Collection: 'Modern Masters III' - Group Exhibition
Modern Masters III Group Exhibition 01.08.19 - 31.08.19 EBONY/CURATED, Loop Street
Modern Masters III at EBONY/CURATED is a visual tour along a timeline of Modern and Contemporary South African Masters.
This third outing, curated by Marc Stanes, includes an early abstract work by Edward Wolfe. Wolfe was born in Johannesburg and later moved to England where he became an exhibiting contributor to the Bloomsbury Group. His first exhibition with the Omega Workshop was in 1920. The workshop was the decorative arts chapter of the Bloomsbury Group and its graphic ethos can be seen in the simplified shapes and bold colours of the work titled “Abstract Still Life in Interior”. Wolfe remained in England (while also exhibiting in Johannesburg and Cape Town from time to time) and was elected as an Associate Member of the Academy in 1967 and a Member in 1972. His work is held in the permanent collections of the Iziko South African National Gallery, Tate, Royal Academy and National Portrait Gallery as well as many private collections throughout the world.
George Diederick During is represented by two works - “The Carthorse”, painted between 1946-1959, and “Woman Feeding Duck”, executed in 1981. The first painting is an artistic tribute to the work of the Expressionists which had become familiar to world audiences in the first half of the twentieth century. The second work is in the artist’s more recognisable later style where he employed a hard-edged style of painting while continuing his commentary on the people of South Africa. In this where the woman is seeing feeding the ducks, she is resting her right hand on her back — all part of the daily grind in which she is party too.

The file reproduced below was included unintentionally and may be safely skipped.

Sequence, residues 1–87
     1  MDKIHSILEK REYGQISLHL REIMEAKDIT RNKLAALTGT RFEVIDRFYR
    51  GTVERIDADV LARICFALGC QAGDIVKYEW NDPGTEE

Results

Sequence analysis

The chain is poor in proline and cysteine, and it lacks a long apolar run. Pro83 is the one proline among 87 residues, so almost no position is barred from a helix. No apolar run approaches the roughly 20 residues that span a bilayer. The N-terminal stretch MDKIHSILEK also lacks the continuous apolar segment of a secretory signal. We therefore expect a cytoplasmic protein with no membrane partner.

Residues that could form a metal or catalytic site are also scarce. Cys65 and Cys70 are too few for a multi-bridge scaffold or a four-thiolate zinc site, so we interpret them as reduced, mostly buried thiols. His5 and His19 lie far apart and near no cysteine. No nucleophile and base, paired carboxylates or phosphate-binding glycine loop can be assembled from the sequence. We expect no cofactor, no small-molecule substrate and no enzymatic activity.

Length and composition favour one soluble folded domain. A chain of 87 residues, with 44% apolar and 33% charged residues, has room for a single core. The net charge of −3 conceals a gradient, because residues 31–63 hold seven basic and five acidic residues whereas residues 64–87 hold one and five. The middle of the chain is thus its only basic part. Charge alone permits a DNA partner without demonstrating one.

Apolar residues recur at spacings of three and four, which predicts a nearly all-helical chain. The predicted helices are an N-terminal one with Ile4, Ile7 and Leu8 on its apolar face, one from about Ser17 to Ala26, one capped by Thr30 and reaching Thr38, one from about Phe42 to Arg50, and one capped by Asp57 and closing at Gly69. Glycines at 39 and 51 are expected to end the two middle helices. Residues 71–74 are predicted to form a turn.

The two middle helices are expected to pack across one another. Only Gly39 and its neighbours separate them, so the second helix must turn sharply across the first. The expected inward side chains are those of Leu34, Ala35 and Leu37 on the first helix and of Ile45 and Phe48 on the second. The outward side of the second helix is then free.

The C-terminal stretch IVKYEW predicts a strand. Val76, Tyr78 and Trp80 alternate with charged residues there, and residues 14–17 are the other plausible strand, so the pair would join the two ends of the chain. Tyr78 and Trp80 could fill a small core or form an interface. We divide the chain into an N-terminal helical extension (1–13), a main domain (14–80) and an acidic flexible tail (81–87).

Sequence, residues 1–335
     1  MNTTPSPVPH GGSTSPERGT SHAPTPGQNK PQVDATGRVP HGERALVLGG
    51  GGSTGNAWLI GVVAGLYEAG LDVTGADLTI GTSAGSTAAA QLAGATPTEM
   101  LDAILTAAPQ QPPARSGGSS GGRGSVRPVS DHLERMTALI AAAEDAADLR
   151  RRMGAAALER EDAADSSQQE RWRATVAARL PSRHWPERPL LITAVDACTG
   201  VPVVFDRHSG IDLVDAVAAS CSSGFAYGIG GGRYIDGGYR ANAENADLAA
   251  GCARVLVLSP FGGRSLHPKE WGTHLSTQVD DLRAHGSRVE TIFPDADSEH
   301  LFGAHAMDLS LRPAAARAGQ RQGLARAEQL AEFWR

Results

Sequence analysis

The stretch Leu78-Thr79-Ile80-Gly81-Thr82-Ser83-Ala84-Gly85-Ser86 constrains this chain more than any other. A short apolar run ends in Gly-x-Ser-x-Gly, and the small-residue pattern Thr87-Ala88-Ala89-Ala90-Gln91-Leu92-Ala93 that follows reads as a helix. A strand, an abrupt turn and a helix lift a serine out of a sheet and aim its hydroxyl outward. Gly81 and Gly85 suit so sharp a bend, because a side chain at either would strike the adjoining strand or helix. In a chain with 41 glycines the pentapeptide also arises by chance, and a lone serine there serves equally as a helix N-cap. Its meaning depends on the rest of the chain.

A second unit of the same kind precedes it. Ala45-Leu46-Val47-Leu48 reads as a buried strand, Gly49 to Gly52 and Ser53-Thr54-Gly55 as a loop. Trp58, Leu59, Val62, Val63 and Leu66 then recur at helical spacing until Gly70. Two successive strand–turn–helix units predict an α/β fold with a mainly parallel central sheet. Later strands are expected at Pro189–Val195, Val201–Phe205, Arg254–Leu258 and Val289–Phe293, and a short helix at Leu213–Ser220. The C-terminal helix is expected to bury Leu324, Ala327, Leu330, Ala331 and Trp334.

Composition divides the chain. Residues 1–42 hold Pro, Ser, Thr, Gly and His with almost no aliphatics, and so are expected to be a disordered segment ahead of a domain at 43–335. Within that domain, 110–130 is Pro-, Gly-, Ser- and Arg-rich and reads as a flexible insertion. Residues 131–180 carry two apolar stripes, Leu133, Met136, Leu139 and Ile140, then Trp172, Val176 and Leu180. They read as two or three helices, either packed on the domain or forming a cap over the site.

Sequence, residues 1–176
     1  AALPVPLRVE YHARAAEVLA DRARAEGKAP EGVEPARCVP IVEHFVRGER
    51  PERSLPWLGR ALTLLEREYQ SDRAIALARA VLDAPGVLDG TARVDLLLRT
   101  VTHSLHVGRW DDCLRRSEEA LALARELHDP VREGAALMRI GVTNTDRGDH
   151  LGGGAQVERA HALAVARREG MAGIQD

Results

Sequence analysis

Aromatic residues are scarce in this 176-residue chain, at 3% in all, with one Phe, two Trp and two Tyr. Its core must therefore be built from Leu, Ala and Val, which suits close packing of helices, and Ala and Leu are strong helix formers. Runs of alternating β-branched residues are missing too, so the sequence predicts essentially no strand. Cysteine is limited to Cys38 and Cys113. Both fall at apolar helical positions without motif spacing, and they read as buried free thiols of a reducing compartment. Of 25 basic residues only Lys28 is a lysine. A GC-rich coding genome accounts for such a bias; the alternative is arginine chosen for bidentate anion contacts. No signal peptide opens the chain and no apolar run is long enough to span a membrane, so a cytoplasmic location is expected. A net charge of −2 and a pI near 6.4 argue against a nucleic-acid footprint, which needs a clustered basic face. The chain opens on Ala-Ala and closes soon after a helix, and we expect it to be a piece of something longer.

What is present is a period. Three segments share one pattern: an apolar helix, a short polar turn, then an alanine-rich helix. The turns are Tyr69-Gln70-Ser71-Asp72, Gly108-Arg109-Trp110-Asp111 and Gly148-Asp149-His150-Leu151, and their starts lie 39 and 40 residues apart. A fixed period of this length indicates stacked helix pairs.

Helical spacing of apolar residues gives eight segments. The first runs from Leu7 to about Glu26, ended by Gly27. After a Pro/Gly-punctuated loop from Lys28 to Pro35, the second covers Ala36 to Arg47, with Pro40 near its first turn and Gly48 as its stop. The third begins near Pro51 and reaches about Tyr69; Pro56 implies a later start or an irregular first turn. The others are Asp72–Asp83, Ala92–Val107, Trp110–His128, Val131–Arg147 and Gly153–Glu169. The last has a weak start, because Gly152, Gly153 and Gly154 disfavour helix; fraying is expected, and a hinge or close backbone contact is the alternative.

David Mogano’s watercolour, “Forty Six Street Kliptown Township JHB”, auspiciously dated 1976, provides a view into Township life in the 1970s - camaraderie, poverty, and survival are all presented within this composition.
Another notable mention is the work titled “Abstract” by Charles Gassner. This frenetic work pulses with an energy which speaks to the changing political climate at the time in South Africa (1959). Once represented by Louis Schachat of Die Kunskamer, Gassner later adorned many homes in Cape Town with his still life works and charcoal drawings.
The exhibition also includes works from William Kentridge whose first major exhibition in South Africa opens later this month at both the Zeitz MOCAA and Norval Foundation. The quorum of the exhibition is completed with the inclusion of Erik Laubscher, Alfred Neville Lewis, Deborah Bell, Leonard Tshehla Mohapi Matsoso, Robert Hodgins, Sidney Goldblatt, Charles Gassner, George Diederick During, David Mogano, Peter Clarke and Caroline van der Merwe.